"Nature's Cure for PTSD" news article
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Bill Alexander, a U.S. Navy veteran at Weatherford College’s Veteran Center, is studying nature and it’s effects on healing Post Traumatic Stress Disorder for women veterans (PTSD) by researching nature-based and horticultural therapy.
PTSD has long been one of the primary mental concerns for military members and nature may play a pivotal role in helping tackle the subject, Alexander said.
Cognitive behavioral therapy and medical drugs are considered the most effective forms of treatment for PTSD, according to the Department of Veteran Affairs’ National Center for PTSD.
Women who do experience PTSD are more likely to experience sexual assault in society — which includes the military, Alexander said.
Alexander recalls a negative incident he experienced in the military involving female sexual assault and a ‘blame the victim’ mentality.
“The first thing my supervisor told me was don’t talk to her because she’s accused someone of rape and I’m thinking to myself ‘Isn’t she the victim?’” he said.
PTSD is more than just sexual assault however, since combat serves as a great equalizer for women and men alike having trouble readjusting post-deployment, according to 2003-2010 studies conducted by the VA’s Women’s Health Sciences Division of the National Center for PTSD.
Nature can mitigate a variety of stresses, and natural landscapes can have a calming effect, Alexander said.
“Nature assisted therapy is basically a therapeutic interaction that happens in nature ... anything from walks in the woods to exploring landscapes,” he said.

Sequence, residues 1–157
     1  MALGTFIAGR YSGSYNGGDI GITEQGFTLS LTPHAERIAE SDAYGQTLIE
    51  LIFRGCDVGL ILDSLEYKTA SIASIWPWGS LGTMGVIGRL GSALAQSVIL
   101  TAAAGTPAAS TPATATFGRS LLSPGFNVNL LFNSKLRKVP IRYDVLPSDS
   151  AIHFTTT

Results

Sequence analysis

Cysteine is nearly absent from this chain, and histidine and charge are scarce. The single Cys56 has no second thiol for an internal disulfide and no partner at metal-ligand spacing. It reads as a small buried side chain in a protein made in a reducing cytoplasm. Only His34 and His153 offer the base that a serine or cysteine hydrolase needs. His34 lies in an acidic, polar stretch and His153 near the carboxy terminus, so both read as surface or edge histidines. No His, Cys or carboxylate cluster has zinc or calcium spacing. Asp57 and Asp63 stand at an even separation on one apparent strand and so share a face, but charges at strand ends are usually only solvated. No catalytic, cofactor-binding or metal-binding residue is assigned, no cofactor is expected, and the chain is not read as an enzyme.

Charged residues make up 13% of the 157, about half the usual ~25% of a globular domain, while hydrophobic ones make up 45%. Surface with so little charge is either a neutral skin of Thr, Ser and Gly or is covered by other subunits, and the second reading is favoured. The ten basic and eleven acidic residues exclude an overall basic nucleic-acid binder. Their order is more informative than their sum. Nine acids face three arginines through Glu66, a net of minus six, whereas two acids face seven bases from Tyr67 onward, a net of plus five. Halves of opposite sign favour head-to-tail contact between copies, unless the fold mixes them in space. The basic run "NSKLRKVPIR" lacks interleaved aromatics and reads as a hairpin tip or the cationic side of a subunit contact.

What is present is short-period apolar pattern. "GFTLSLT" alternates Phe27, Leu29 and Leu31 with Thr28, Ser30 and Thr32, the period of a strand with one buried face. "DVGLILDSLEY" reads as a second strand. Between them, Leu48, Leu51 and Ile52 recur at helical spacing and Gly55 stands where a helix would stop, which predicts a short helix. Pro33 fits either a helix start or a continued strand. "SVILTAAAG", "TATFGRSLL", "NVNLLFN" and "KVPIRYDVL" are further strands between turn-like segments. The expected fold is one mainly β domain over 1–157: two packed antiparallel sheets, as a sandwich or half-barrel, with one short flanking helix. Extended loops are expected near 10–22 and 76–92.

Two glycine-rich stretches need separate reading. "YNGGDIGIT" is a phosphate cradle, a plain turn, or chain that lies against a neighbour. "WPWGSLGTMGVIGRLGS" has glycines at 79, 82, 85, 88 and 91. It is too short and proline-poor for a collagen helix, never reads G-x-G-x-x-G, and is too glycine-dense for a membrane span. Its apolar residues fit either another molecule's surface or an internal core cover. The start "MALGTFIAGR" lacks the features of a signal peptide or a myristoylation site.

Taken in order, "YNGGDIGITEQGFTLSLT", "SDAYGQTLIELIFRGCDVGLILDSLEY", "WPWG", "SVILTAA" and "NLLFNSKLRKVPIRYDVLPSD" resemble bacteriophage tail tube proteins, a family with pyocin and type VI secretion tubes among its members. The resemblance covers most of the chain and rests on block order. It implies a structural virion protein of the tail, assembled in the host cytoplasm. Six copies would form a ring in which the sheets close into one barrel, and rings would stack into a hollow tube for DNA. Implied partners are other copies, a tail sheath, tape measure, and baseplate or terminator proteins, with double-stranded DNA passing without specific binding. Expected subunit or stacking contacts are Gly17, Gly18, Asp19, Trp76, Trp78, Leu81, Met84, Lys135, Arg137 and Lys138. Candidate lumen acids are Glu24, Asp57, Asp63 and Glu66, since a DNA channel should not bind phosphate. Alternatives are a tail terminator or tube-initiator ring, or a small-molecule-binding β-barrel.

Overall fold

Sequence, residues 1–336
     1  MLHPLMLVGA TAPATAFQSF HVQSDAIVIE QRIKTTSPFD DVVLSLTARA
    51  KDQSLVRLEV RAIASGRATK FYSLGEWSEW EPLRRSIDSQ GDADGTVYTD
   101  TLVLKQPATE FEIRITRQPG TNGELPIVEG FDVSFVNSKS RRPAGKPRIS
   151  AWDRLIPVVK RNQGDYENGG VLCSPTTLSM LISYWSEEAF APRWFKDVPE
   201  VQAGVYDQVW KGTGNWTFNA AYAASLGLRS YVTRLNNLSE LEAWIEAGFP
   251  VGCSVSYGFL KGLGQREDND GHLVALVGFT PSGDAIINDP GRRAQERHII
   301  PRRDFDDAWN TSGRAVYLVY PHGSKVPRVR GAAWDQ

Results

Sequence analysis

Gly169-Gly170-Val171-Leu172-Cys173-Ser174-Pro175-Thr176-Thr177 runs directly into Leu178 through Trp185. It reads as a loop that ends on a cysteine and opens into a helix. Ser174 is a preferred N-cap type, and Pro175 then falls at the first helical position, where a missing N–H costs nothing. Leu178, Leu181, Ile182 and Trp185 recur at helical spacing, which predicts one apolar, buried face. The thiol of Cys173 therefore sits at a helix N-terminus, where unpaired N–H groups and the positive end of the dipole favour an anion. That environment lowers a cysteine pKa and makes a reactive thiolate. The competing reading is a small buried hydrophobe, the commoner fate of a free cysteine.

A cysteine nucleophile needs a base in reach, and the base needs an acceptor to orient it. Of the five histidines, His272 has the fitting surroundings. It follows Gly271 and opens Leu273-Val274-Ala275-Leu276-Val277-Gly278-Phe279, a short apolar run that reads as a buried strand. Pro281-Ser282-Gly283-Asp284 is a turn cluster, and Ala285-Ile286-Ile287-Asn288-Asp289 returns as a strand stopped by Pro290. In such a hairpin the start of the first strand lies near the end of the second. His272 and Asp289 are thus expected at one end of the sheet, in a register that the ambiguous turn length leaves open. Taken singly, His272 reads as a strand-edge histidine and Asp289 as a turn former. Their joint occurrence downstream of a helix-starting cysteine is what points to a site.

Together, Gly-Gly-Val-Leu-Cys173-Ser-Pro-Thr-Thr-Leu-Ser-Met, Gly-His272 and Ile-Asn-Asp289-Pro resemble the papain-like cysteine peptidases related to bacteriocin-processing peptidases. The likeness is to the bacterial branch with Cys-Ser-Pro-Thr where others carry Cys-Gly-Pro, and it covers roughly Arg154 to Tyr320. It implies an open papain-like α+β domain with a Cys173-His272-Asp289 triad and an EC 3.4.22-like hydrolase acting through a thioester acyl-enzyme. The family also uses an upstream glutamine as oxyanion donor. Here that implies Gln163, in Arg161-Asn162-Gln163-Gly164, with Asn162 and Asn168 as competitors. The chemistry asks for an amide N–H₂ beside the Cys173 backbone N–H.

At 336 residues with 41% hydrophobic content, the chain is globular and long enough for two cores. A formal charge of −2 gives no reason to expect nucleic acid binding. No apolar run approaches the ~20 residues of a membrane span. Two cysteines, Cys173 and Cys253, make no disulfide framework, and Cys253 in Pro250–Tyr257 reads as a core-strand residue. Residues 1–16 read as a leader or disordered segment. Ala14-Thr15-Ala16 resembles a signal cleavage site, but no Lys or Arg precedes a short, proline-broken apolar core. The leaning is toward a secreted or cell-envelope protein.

Alexander is also involved with Project Healing Waters, an organization that uses fly-fishing as a way to help heal veterans in a horticultural way.
Project Healing Waters uses therapeutic fly fishing to help veterans deal with PTSD, depression and anxiety and physical disabilities as well,” he said. “What it does is puts a veteran in nature and helps them out. The rhythmic count of a rod whenever you’re casting and the flow of the water and the sounds. The visual aspects of nature.”
The complex nature of PTSD is what makes the disorder so hard to manage, and alternative therapies provide a broader number of options which may be effective, according to VA National Center for PTSD studies.
Mental difficulties start with the personal struggles of one’s mind, Alexander said.
“A lot of them live in their minds, which is an awfully small place to live and then you start contemplating,” he said.
Nature-focused activities provide a safe space and a sense of belonging, Alexander said.
“It takes them off the couch into an environment with other veterans and basically what they get is they get to see a whole different side of life and it gets them back to what life is supposed to be,” he said. “It’s supposed to be meant for living not just doing.”
The therapy has even received attention overseas in places such as Denmark’s University of Copenhagen, which published a 2015 study detailing that horticultural therapy can help veterans go from being less social to seeking more open and social environments.
“I always use the term ‘You don’t need to do life, you need to live life’, Alexander said.
Participating in those types of activities presents an environment of unity, he said.
“There’s immediate camaraderie- that in itself is therapeutic,” Alexander said. “They start coming out of their shell and start coming out of their mind and start saying ‘Wow there really is something other than sitting on the couch, living within myself.’”
Effects of such nature therapies is amazing, Alexander said.
“You can see it,” he said. “I’ll take them (veterans) out from day one to day four and you’ll watch a veteran change.”
Alexander believes in biophilia, the belief that there is a natural bond between human beings and other living systems.
“You start putting your hands in the soil and you realize that there’s biophilia, known as life in the soil,” he said.
“You’re gonna put a seed in there and a plant that’s gonna produce fruit and you’re gonna pick it and consume it. It’s gonna create life again, so there’s a lot of life circles in that.”